Off-road versions are stripped down, more performance orientated, and have spawned their own off-road race series. Niggles? There’s no standard luggage capacity (you’d need a rucksack; anything else would ruin the stripped-back lines, although they do offer luggage nets and dry bags), and the great-looking mudguards are a little too stylish; they don’t offer sufficient protection from wet roads.
The Ösa (all names have various, obscure, Swedish links) costing from 8,500 Euros, is of a similar high quality and equally stylish in its own way. It sits lower to the ground on 15-inch wheels, feels more functional with bicycle-style brake levers front and rear, sturdier and more workmanlike, with ample luggage potential. The Makka is more utilitarian but no less attractive for it, depending on your point of view, and is aimed at catching a new slice of the commuter market, costing from 3,500 Euros.
All models can be ordered online now, but London riders would do well to wait until Cake’s new showroom opens in the capital next year, along with other outlets planned for Europe and the US. Cake is searching for a London launchpad now, seeking somewhere where test rides are feasible; it is, after all, crucial to show how easy these machines are to manage. Important, too, to see how they stack up in London’s cut-throat traffic conditions, compared to quieter Stockholm.
Will dyed-in-the-wool bikers like the experience? Some will, some won’t, but the curious niche that Cake has excavated means that many cyclists will want to try them, too, not least because of their size; they are, after all, smaller than a ‘traditional’ motorcycle. I found both bikes fun, easy to ride and responsive in Stockholm traffic. They handled well, were virtually silent - and very easy to manhandle when parking, or manoeuvring. Throttle response was instantaneous, the brakes effective. Well-controlled (adjustable) suspension is a strong asset, particularly on the Kalk. Most riders won’t need anything more, in London.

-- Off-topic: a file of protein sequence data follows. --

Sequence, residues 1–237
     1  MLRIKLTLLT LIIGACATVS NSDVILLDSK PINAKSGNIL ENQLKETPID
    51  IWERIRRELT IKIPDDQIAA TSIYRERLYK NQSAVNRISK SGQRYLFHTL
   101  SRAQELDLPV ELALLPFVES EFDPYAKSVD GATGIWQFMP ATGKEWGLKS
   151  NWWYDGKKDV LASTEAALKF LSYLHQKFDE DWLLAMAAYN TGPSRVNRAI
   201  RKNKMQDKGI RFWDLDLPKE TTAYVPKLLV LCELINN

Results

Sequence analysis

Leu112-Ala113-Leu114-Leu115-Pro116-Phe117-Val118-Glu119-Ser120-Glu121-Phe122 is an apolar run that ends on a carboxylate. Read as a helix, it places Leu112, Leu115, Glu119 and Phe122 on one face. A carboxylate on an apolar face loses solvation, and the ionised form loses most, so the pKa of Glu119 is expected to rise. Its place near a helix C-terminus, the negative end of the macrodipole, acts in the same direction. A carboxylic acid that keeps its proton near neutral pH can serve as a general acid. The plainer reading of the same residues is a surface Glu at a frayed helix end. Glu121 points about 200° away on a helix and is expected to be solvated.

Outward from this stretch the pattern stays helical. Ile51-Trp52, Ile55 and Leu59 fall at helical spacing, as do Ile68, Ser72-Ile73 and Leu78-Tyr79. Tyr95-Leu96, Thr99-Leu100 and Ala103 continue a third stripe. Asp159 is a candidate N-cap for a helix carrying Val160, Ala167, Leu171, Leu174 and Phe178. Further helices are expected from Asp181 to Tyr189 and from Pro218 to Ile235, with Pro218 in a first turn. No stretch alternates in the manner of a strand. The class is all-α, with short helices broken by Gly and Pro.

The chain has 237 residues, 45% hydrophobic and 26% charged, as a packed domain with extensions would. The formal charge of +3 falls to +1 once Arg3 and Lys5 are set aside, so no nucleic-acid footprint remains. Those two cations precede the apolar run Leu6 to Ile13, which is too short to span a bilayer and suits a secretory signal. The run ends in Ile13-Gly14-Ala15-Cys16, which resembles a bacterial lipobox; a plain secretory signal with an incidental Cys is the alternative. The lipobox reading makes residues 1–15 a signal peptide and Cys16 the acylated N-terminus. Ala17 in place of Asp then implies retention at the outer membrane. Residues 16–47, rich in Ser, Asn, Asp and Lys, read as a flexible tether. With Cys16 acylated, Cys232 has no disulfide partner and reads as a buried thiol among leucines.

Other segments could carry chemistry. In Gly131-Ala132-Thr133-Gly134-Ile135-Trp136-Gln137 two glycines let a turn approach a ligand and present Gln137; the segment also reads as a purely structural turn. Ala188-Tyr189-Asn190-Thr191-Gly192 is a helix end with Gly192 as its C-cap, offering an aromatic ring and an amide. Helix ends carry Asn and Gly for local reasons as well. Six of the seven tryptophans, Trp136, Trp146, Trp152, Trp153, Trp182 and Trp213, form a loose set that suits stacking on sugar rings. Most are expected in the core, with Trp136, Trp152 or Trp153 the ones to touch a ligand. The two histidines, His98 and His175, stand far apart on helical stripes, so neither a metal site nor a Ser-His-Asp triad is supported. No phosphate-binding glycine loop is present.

Virtually all components are bespoke, including the battery, and built, evidently to a high quality, in Taiwan. They are assembled in Sweden.
So they’re fun on the road, and - like other electric motorcycles on the market - could provide a great, ‘green’, fuss-free means of travel. Charging time is about three hours and the batteries can be unbolted and taken inside. A secure, but quick-release battery system would probably be easier, however, and buyers will need to fit the Kalk with an additional handlebar mirror; it’s supplied with only one.
For many, the off-road promise of the Kalk (which has spawned the 13,500 Euros ‘race’ model and 10,500 Euros INK off-road model) is the icing on the cake. Video of Cake’s race series (https://ridecake.com/en/cake-worlds-news/) shows how they perform off-road, and it looks a lot of fun. Sure, you might want to change the tyres on your weekday commuter when venturing off-road - which will get expensive - but the bikes are, says Stefan, unashamedly premium.
Would-be owners will need disposable income - and an inclination to try something new. Will those lowish top speeds be a problem outside The Smoke, on the open road? They might.
Up to now, electric motorcycle offerings have been limited, even if the market is expanding fast with offerings from the likes of Harley-Davidson, BMW, even SEAT. Now however, you can have your Cake and ride it.
Much of the development work has taken place in Sweden but armed anti-poaching patrols are also putting versions of the Kalk to the ultimate test, pounding the savannah on the ‘stealth’ machines, in search of the bad guys.
Run by the Southern African Wildlife College, the solar-powered Cake bikes have off-road tyres, and small racks for medical supplies. Enduring tough riding conditions daily, the teams regularly file reports back to Cake HQ, on their findings.
Through a charity programme, Cake is encouraging consumers to donate bikes towards the project. More here: https://ridecake.com/en/anti-poaching/
CONFUSED ABOUT WHAT LICENCE YOU NEED TO RIDE?
Ösa+ - 10kw (13.5hp) or equivalent to 125cc - Valid CBT or an A1 licence
Kalk& and Kalk INK& - 10kw (13.5hp) or equivalent to 125cc - Valid CBT or an A1 licence
Kalk OR / Kalk INK - 11kw (15hp) or equivalent to 125cc - Valid CBT or an A1 lLicence
Ösa Flex / Makka Flex - 4kw (5.4hp) or equivalent to 50cc - Driver license or an AM licence
Makka Range / Ösa Range - 1.8kw (2.4hp) or equivalent to 50cc but regulated to 25km/h - AM licence, Driver licence, CBT/A1 licence